Streepathon Stop #8: Death Becomes Her
"Wrinked, wrinked little star... hope they never see the scars."
Time: 1992 (19th film)
Role: Madeline Ashton, endlessly vain and endlessly "undead" actress
Awards: GG (comedy) and Saturn Award nominations
Fun Fact #1: Meryl once said in an interview that she'd originally assumed Goldie Hawn's role was meant for her, not the singing, dancing, vampy part of Madeleine.
Fun Fact #2: Meryl Streep and Goldie Hawn were looking for a movie to do together in the early '90s, and at once point were interested in Thelma & Louise, but ultimately chose Death Becomes Her instead. Thelma & Louise, of course, was eventually cast with Geena Davis and Susan Sarandon.
Fun Fact #3: For the scene where Meryl takes Lisle's anti-aging potion and her breasts are lifted and firmed, the filmmakers had originally intended to use a pneumatic bra. But when the effect didn't look realistic enough, they scrapped the bra idea and instead had Meryl's dresser actually stand behind her out of view and pull her breasts into position.
Choice Clips: Here's Meryl Streep's "Me" song, sung and danced over the opening credits. Most of you've probably seen it already, but it's worth seeing again. Meryl's sounding a lot like Barbra Streisand in this clip. And can you recognize Bruce Willis in his reaction shot? I couldn't for a long time. Goldie's also hard to spot, looking very Cameron Diaz in Being John Malkovich. Creepy:
And here's Meryl experiencing the anti-aging effects of Lisle's potion:
And now here are Meryl and Goldie, in their cat fight extraordinaire:
Film Review: Such fun! I'd previously heard this film described as "comic gold" and that's totally true. Like Streep's recent Devil Wears Prada, this is a terrific comedy with everyone firing on all cylinders. The writing, acting, directing, music, and design are all doing their part. The comedy is highly stylized but always rooted in truth, the characterizations are broad but specific, the visual style is striking and elegant, the music is tense and moody, the flashy surface deepened by serious themes. Everything just clicks. It's great entertainment.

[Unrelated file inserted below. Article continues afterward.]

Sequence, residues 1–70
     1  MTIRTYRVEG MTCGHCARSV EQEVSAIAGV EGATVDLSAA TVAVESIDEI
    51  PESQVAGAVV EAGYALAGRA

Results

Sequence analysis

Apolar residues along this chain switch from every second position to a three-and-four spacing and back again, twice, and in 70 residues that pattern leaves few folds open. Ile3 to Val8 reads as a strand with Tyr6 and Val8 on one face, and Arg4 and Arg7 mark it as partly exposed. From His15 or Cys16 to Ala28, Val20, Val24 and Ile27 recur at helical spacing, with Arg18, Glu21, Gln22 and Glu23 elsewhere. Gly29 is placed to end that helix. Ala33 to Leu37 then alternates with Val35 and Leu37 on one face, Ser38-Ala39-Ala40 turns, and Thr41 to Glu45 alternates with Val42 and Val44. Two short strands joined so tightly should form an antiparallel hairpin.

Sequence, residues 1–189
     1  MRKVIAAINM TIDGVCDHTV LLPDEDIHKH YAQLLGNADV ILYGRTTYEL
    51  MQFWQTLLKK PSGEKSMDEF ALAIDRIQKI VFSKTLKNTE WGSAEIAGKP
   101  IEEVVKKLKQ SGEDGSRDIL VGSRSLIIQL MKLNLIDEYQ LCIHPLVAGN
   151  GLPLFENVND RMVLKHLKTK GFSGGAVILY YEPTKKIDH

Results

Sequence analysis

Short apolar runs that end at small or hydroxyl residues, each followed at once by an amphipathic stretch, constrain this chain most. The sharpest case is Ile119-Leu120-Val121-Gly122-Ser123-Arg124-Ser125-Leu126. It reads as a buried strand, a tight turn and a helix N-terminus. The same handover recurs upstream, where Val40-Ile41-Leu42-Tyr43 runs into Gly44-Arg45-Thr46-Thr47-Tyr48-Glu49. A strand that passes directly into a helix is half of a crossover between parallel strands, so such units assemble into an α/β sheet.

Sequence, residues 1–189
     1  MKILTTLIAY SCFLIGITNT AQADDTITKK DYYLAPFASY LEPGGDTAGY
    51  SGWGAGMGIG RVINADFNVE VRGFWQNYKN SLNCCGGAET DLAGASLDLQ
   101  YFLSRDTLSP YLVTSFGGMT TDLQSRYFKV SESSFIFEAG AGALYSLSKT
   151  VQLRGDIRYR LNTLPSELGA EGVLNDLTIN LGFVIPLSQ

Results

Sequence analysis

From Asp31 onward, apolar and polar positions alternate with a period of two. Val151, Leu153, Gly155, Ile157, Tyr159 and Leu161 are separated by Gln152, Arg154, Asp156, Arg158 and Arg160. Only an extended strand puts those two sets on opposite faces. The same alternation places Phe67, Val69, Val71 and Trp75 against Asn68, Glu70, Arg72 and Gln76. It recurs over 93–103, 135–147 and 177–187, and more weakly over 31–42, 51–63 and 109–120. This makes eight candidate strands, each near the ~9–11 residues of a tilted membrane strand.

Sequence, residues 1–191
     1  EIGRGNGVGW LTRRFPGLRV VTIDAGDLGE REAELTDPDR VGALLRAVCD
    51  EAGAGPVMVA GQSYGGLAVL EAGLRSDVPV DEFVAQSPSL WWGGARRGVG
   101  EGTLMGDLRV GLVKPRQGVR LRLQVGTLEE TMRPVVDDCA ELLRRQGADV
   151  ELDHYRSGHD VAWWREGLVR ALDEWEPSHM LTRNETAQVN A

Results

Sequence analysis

One thing that struck me about Death Becomes Her is how much it has in common with She-Devil, despite being superior in every way. They've got the same basic setup: Two women - one frumpy, one fabulous - fight over a man. The fabulous one is still played by Meryl Streep. She's still rich and famous, still beautiful and shallow, still makes references to "paying extra" for special favors, still breaks up a relationship and marries the guy.
But this time instead of the lazy Roseanne and annoying Ed Begley Jr., Streep gets to share the screen with a dowdy Goldie Hawn and a near-unrecognizable Bruce Willis, as well as an unnaturally young Isabella Rossellini. LOVE the switch. And unlike in She-Devil, where Streep outshined everyone else by far, the whole cast of this film is ace. I guess I'd still say Streep was best-in-show if forced to choose, but everyone else is totally on her level; this is a knockout ensemble. Their material is deliciously dark and satirical, and they mine it for all it's worth. Lots of fun.
The story concerns two friends and girlhoold rivals, actress Madeline Ashton and writer Helen Sharp. Madeline (Streep) impresses Helen's fiancé, Dr. Ernest Menville (Willis) with her beauty and talent, and takes a liking to him due to his being a plastic surgeon. Ernest soon marries Madeline, leaving Helen (Hawn) bitter and alone. Eventually, however, the love falls out of Ernest and Madeline's marriage, and Helen returns determined to win back her man. And before long, both women have drunk from a magic potion given to them by the mysterious, erotic Lisle (Rossellini), a youth serum that causes them to live forever. But things get a bit sticky when they die.
This is a wonderful dark comedy and satire of our culture's obsession with youth. It doesn't have the best reputation, but I highly recommend it. I love that it's an oscar winner, if only for its visual effects. They, like the rest of the film, were quite impressive.
Streep Review: Meryl's much better here than in She-Devil (and she was good in She-Devil, too). This characterization is much more clear and crisp, seeming more like a real person and less like a broad "type." Much of that is the script's fault, but Meryl knows exactly what to do with good words. Plus, to borrow a certain chic oscar campaign phrase: "She sings, she dances, she dies!" (sort of) In short, this performance is a LOT of fun.
What I love, though, is that Meryl doesn't really stand out; everyone is great in this film. Goldie matches Meryl blow for blow, and Bruce Willis is surprisingly great. And Isabella Rossellini is PERFECT as the immortal Lisle, hella-sexy and a total riot. You know a cast is great when they can all keep up with Meryl. Totally awesome.
But that doesn't take away from Meryl's individual achievement. This is one of her best comedic performances; in it's own zany, ensemble-serving way, I'd say it's up there with her oscar-nominated turns in Postcards, Adaptation, and Prada. It's great to see Meryl embrace her inner ice queen. Especially when her body is literally icy (due to death). Don't miss this one. Go out and rent it now. You're in for a treat.